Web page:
BYE
4. Agent
Disconnects
200 OK
BYE

200 OK

BYE

200 OK

BYE

200 OK

180 CC 7.1 Technology Transfer – Nortel Confidential


CCMS_SGM_SIPMessages0.log (Snooper)

Incoming Invite
from Customer

Ringback played

IVR Session Established

181 CC 7.1 Technology Transfer – Nortel Confidential


SGM-ICP interaction detail – Inject RINGBACK
ICP Server

Conf Annc
Express CC Service Service

Soft Dialog
DSP’s Service

ICP

1 CCMS 2
ICP provides a second port on the conference,
Once the call is anchored, TFE takes control of and tells SGM of the details.
the call. The SCE flow indicates that Ringback As a result for the RINGBACK request, the
is to be provided Annc Service picks the audio file as specified
To carry this out, SGM requests for another by SGM (RINGBACK, en_ie), and plays this
port into the same conference that the caller is into the conference for the caller to hear.
on.
Once it has that, it requests a RINGBACK tone
to be injected into this port, from the Annc
Service.

Go get another conf port

And play RINGBACK into it

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183 CC 7.1 Technology Transfer – Nortel Confidential
Debugging (CCMS - 1)

• The following CCMS log files should be captured to enable


a SIP related issue to be investigated:
• D:\Nortel\Logs\CCMS\CCMS_SGM_SipMessages0.log
• D:\Nortel\Logs\CCMS\CCMS_AML.XXXX.YYYY.log
• D:\Nortel\Logs\CCMS\CCMS_SGM_AmlSp.log
• D:\Nortel\Logs\CCMS\CCMS_SGM_AmlSpCpp0.log
• D:\Nortel\Logs\CCMS\CCMS_SGM_SipSp.log
• D:\Nortel\Logs\CCMS\CCMS_SGM_SipSpCpp0.log
• D:\Nortel\Logs\CCMS\CmfOam.log
• D:\Nortel\iccm\logs\nicmfjvm.log
• D:\Nortel\iccm\logs\SipLog.txt

184 CC 7.1 Technology Transfer – Nortel Confidential


Debugging (CCMS - 2)
TraceControl Utility to configure log files.

185 CC 7.1 Technology Transfer – Nortel Confidential


Debugging (CS1k)
• If it is suspected that the issue lies on the CS1k then the following
commands can be useful to debug TR87 related issues:
• SIPCTISessionShow Shows the total number of TR87 SIP sessions.
• SIPCTIClientShow Shows information about all the associated soft clients.
• SIPCTIShow Shows SIP CTI application status and configuration.
• SIPCTIStop Deacquire one or all AST DN(s) and remove associated SIP
CTI sessions.
• SIPCTITraceLevel Sets the MessageTrace Level output to TR87 body only
or Detailed format.
• SIPCTITraceShow Prints SIPCTI trace settings.
• SIPCTIOutput Redirect the SIP CTI trace to a specific output destination.
• SIPCTITrace Trace incoming and outgoing TR87 SIP messages.
• See Nortel Communication Server 1000 Signaling Server Installation and
Commissioning, NN43001-312 01.07 Standard Release 5.0 20 June 2007
• The following log file also needs to be captured:
• SIPCallTrace

186 CC 7.1 Technology Transfer – Nortel Confidential


Debugging ( ICP)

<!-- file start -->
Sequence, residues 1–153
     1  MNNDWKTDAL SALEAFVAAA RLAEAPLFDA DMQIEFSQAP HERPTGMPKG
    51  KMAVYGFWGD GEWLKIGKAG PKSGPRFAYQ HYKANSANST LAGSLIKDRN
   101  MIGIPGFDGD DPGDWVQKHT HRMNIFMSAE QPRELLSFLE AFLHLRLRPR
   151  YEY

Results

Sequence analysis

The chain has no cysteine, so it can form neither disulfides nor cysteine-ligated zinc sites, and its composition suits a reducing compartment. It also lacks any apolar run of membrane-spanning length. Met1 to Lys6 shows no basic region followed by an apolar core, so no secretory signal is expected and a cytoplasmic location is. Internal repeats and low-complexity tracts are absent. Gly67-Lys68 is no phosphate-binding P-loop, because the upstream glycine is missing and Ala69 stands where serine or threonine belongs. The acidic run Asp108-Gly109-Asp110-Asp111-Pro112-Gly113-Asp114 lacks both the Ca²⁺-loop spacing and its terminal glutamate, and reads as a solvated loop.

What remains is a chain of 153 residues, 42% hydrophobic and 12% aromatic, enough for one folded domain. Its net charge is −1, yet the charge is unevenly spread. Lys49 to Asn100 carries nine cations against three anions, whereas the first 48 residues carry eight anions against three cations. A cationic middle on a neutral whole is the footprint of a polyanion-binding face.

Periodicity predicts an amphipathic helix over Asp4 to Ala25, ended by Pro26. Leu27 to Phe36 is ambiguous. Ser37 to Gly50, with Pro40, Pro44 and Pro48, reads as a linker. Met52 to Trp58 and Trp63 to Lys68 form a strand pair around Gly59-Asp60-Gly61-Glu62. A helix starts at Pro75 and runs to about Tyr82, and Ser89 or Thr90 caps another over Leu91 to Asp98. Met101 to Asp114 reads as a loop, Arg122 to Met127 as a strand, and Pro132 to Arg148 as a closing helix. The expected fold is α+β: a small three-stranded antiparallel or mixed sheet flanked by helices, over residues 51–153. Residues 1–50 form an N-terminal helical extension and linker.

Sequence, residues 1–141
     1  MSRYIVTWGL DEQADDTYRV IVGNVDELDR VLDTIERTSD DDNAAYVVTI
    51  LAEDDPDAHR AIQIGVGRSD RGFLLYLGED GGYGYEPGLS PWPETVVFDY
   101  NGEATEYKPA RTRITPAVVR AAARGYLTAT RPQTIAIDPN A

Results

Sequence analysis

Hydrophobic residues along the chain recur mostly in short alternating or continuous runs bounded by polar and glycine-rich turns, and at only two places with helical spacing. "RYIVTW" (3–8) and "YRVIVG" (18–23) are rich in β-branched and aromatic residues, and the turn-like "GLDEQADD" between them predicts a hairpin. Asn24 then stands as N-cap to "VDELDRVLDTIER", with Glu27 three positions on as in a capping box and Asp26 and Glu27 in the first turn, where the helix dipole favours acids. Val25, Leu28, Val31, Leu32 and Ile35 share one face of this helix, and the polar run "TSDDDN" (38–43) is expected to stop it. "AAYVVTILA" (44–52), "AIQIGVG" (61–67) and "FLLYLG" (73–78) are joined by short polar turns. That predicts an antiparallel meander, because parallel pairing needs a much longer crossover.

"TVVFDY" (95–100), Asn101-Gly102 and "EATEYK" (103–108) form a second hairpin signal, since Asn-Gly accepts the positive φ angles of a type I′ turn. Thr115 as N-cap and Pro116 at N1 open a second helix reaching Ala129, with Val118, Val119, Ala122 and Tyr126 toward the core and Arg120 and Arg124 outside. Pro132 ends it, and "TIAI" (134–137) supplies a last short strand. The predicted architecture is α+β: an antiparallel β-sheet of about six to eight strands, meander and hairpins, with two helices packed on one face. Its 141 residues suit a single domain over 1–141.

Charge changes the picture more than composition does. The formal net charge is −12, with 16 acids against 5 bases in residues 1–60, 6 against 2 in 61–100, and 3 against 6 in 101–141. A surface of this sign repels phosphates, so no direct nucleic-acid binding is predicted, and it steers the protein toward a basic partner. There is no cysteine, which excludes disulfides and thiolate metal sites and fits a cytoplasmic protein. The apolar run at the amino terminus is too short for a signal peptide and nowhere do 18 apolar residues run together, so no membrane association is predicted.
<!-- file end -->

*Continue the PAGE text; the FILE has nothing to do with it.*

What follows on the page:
• If it is suspected that the issue lies on the CS1k then the following log
files need to be captured (Refer to Aug CC7.1 TT slides for more ICP
troubleshooting detail):

confmpDebug.txt Conference Media Processor debug logging

cstoreDebug.txt Content Store debug logging

diamcDebug.txt Diameter charging debug logs

Element EM debug logs.


ManagerDebug.txt
ivrmpDebug.txt IVR Media Processor debug logging

scDebug.txt Multimedia Controller debug logging

sipmcDebug.txt Multimedia Conductor debug logging

srp.log & srp_state.log Startup and Recovery debug logging

streamsourceDebug.txt Stream Source debug logging.

187 CC 7.1 Technology Transfer – Nortel Confidential


Determining where issue lies (1)

• The following two CCMS log files are the most important
log files in terms of determining where an issue lies.
• D:\Nortel\Logs\CCMS\CCMS_SGM_SipMessages0.log
• D:\Nortel\Logs\CCMS\CCMS_AML.XXXX.YYYY.log
• The content of these two log files provide enough detail to
identify the component in the system where the issue lies.
• SipMessages0.log – SIP Messages between CS1k / ICP /
SIP CC
• AML log – AML events indicating the requests / responses
to the core ASM/TFE components.

188 CC 7.1 Technology Transfer – Nortel Confidential


Determining where issue lies (2)
• CCMS_SGM_SipMessages0.log can be opened with any text
editor but is formatted so that it can be read using Snooper.exe – a
Microsoft protocol analysis tool.
• Note that Snooper.exe requires .Net 2.0 to be installed.
• For more information on Snooper please refer to:
• http://technet.microsoft.com/en-us/library/dd572600(office.13).aspx
• When opened with Snooper tool the messaging sequence is displayed
as per the images in the previous slides.
• Note that there are some valid errors in this log – for example a SIP
487 response can indicate that a Request Terminated, but this is valid
when in response to a Cancel request – as per below:

189 CC 7.1 Technology Transfer – Nortel Confidential


Sample Problem 1 – Identifying an ICP issue

Sending a Request to the ICP

Invite out to the ICP contained a request to play


“Default_Route” However the 404 Not Found
response tells us that “Default Route” is not
configured on the ICP. The resolution here could
be to load up “Default_Route” onto the ICP so that
it can be played into the conference.

190 CC 7.1 Technology Transfer – Nortel Confidential


Sample Problem 2 – Identifying a CS1k issue

Invalid Device State on the CS1k –


Agent’s IP phone was
disconnected

Important to look here to


determine where the SIP message
is going to / coming from

191 CC 7.1 Technology Transfer – Nortel Confidential


Sample Problem 3 – Identifying a CCE Issue

• If there is nothing obvious from the SipMesages0.log then


it is possible that the problem lies within CCE.
• The second port of call to determine where the root cause